"Don't think me ungrateful. I have been very happy here, and never shall forget how motherly kind you have been to me. You will believe this and love me still, though I go away and leave you for a little while?" prayed Christie, with a face full of treacherous111 emotion.
 
Mrs. Sterling laid her hand on Christie's head, as she knelt down impulsively112 before her, and with a soft solemnity that made the words both an assurance and a blessing113, she said:
 
"I believe and love and honor thee, my child. My heart warmed to thee from the first: it has taken thee to itself now; and nothing can ever come between us, unless thee wills it. Remember that, and go in peace with an old friend's thanks, and good wishes in return for faithful service, which no money can repay."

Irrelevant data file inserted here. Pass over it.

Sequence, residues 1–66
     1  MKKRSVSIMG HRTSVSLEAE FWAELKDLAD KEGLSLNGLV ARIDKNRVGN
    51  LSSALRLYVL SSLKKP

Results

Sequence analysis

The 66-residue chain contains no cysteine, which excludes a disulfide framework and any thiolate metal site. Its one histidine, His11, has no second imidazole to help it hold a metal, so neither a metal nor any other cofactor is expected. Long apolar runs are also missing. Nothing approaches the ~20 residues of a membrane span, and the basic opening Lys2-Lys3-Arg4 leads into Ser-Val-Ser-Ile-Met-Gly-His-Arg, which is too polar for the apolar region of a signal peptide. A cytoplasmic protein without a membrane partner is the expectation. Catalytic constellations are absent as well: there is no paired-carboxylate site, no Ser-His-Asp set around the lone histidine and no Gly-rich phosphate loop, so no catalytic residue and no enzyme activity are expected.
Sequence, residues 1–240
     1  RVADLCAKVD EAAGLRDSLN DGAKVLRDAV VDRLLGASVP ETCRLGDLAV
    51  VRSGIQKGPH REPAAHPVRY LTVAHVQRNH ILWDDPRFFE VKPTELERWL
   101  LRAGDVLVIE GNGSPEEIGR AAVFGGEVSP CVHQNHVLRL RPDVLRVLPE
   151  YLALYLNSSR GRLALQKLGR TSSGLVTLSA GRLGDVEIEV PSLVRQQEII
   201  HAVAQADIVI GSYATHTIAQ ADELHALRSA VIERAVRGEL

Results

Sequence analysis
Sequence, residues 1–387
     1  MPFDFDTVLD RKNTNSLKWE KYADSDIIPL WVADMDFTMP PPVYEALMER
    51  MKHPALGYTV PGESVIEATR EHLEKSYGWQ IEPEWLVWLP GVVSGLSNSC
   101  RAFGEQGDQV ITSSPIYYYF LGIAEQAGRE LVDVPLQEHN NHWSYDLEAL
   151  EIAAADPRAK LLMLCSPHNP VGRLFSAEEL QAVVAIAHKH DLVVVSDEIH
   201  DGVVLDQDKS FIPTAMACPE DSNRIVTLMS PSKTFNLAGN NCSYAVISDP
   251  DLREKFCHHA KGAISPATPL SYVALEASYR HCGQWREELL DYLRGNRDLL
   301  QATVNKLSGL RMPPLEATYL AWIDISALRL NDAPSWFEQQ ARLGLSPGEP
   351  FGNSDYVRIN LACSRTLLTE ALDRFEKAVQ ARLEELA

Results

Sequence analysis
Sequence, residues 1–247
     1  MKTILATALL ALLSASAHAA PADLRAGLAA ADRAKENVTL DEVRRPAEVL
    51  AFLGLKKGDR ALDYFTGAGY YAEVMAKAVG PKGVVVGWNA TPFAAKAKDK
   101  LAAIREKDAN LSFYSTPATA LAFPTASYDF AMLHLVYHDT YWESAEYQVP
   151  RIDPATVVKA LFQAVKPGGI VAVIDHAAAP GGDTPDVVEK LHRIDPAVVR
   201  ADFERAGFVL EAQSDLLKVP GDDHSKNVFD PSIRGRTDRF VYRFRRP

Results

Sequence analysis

Christie laid her cheek against that wrinkled one, and, for a moment, was held close to that peaceful old heart which felt so tenderly for her, yet never wounded her by a word of pity. Infinitely114 comforting was that little instant of time, when the venerable woman consoled the young one with a touch, and strengthened her by the mute eloquence115 of sympathy.
 
This made the hardest task of all easier to perform; and, when David met her in the evening, Christie was ready to play out her part, feeling that Mrs. Sterling would help her, if need be. But David took it very quietly; at least, he showed no very poignant116 regret at her departure, though he lamented117 it, and hoped it would not be a very long absence. This wounded Christie terribly; for all of a sudden a barrier seemed to rise between them, and the old friendliness118 grew chilled.